Tag Archives: mental

Why it’s good to know if your brain works differently than the usual

What I really liked about my ADHD diagnosis a few years ago is that I finally understood why my brain, thoughts and actions often worked so differently than others. That doesn’t my brain is wrong, or stupid. But I tried, so to speak, to fit into a round shape while being a square figure. Of course that never fits.

Most people don’t even think about why things are the way they are. Because for most people how things work make a lot of sense, because everything connects well to their brain. There is an average, something that most people fit or meet, and that is what the usual school, work and living systems are designed for.

And that can be a problem if what is seen as ‘normal’ doesn’t feel so normal to you at all. Because you bump into things again and again. And you – usually unintentionally – do things differently than how it ‘should go’. And the weird thing is: most people somehow do know what the intention is. As if a great manual of life has been written, but you can’t read it.

For people who recognize themselves in terms like AD(H)D, autism, dyslexia, dyscalculia, giftedness and high sensitivity, ‘the common way’ is not always logical, normal or easy. And that is why they – in all degrees – may have more difficulty in functioning well in the field of learning, school, work or everyday affairs. Not because they are dumber, lazy, or unruly, but because their brain really works differently and doesn’t connect well with things like learning methods, rules, workplaces and forms.

Fortunately, more and more attention is being paid to this, and the term neurodiversity fits in nicely with this.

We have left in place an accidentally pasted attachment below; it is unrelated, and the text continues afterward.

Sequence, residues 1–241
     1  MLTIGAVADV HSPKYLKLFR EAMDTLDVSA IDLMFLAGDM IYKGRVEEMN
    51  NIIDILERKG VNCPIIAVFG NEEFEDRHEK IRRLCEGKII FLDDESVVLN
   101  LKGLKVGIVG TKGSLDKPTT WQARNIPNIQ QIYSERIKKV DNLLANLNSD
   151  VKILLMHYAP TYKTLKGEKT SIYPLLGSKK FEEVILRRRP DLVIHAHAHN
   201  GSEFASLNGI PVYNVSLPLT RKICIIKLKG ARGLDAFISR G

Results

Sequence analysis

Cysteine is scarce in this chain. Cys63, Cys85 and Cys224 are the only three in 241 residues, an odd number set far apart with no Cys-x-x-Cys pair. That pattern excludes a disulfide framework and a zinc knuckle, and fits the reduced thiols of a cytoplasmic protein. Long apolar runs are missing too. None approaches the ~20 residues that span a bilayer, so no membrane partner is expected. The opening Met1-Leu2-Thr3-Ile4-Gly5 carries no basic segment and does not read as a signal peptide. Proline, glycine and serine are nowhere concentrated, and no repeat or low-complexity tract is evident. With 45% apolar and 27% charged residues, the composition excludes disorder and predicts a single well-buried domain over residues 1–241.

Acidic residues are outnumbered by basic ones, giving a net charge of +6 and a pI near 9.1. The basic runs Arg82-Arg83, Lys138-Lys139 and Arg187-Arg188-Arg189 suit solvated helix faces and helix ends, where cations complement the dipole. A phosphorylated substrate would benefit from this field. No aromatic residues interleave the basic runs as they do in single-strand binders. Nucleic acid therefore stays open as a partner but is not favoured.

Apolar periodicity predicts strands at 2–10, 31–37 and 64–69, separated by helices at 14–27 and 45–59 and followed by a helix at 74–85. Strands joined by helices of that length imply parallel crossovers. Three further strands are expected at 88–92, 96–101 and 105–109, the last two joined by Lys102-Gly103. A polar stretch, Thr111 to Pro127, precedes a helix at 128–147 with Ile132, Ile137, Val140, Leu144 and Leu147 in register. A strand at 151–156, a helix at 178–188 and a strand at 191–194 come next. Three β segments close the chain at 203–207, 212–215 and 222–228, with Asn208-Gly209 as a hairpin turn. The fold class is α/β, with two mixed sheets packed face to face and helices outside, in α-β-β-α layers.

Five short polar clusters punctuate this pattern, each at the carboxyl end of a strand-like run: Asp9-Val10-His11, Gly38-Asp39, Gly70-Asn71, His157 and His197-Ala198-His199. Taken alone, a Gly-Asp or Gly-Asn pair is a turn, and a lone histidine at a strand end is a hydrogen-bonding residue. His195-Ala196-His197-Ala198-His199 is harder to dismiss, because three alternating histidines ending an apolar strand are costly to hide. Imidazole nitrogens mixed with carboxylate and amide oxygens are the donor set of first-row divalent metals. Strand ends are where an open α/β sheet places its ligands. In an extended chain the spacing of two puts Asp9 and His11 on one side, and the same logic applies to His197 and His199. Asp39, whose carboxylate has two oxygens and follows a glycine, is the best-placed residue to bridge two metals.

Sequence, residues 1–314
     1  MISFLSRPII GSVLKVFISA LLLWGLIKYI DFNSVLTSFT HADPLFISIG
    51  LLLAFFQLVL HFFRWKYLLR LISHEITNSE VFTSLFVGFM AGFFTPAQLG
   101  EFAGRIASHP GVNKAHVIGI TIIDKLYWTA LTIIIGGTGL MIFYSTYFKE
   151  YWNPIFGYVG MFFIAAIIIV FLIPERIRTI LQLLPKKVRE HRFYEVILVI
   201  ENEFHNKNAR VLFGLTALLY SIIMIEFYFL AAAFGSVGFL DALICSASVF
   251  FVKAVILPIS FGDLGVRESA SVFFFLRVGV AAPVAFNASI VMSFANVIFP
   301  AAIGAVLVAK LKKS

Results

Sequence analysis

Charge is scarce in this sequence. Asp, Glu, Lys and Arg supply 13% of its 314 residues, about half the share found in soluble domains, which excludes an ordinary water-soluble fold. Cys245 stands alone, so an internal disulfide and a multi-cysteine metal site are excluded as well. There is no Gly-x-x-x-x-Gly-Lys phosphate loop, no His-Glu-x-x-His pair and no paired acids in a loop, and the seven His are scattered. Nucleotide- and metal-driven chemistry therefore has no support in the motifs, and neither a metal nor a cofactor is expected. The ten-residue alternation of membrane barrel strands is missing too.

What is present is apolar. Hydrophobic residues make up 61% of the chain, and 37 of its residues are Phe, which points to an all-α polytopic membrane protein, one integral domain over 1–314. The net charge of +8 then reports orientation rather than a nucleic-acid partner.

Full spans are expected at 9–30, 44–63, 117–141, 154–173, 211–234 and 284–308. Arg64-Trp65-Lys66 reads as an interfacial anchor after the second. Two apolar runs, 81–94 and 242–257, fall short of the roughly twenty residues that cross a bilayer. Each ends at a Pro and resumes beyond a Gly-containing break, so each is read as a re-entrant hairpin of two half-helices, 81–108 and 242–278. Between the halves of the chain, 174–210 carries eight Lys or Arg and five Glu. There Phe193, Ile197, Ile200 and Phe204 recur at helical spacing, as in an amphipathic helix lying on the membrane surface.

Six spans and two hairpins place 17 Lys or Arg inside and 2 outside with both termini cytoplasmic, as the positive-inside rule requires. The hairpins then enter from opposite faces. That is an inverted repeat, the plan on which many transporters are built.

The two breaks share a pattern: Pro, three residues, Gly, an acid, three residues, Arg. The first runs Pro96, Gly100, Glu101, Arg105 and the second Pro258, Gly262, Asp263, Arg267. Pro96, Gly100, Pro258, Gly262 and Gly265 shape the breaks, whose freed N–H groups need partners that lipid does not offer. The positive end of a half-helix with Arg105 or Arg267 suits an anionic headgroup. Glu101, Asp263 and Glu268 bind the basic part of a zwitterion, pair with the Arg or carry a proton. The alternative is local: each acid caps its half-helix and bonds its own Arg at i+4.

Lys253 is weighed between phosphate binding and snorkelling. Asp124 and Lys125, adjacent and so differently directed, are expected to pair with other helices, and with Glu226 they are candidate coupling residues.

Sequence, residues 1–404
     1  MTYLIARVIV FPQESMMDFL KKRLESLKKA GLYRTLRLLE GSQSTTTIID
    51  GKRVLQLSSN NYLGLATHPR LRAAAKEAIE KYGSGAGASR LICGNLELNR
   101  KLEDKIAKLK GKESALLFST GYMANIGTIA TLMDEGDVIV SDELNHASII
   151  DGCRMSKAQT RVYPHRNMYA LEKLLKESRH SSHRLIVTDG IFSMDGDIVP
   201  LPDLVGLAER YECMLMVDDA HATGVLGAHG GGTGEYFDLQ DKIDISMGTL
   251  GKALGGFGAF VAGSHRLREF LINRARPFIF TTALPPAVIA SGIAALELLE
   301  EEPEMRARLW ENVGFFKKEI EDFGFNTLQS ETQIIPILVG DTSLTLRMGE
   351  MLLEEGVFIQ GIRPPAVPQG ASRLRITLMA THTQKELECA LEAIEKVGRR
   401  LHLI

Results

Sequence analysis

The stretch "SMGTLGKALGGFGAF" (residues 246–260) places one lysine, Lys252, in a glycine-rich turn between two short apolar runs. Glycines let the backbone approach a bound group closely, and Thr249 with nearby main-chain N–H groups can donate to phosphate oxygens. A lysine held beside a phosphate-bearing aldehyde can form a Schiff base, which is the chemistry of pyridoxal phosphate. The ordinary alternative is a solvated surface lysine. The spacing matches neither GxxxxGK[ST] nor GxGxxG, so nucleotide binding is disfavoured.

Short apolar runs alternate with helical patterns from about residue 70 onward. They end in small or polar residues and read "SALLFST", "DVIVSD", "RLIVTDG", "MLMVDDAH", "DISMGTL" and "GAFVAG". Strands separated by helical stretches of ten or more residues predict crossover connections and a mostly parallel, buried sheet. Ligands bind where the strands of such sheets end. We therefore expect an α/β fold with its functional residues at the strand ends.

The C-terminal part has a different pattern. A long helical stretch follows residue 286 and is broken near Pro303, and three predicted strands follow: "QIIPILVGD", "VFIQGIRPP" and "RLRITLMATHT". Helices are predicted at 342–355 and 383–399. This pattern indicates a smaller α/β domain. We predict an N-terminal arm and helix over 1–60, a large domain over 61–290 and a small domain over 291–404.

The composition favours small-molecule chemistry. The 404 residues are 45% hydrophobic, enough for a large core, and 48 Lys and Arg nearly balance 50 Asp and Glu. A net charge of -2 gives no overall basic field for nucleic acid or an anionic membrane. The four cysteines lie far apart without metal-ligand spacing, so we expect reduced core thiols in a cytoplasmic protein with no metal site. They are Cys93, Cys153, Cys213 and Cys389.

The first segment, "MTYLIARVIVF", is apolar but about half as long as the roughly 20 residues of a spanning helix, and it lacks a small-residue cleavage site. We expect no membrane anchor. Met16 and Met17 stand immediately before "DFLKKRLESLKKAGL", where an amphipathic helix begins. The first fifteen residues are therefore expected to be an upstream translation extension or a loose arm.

“Neurodiversity simply means that there are differences between people’s brains and thus different ways of thinking and learning. The standard brain does not exist. Just as we have biodiversity, cultural and racial diversity, so too there is diversity in brains and we call that neurodiversity. The neurodiversity approach invites you to look at the overall picture of a person’s capabilities. By approaching all brains as diverse, more equality is created.” (Source: impulsenwoortblind.nl, translated it myself)

So instead of trying to fit everyone into the ‘common box’, and label everyone who doesn’t – quite – fit as a problem, it can help if we are aware of and acknowledge that there are always natural differences people’s brains. And embrace that. Because we need all types and sizes of brains for a healthy, sustainable, fun, productive, pleasant and creative society!

(This is the second column I wrote for the Dutch site about mental awareness ikbenopen.nl. Here you can read this column on that site. )

Plodding my way through life

(I started writing columns for #ikbenOpen, a site about mental health-awareness. It’s in Dutch, so I translate them for this site).

The idea behind the site #ikbenOpen, openness about mental health, really appeals to me. Because I don’t always feel mentally healthy. But until a few years ago, I rarely talked about that with anyone.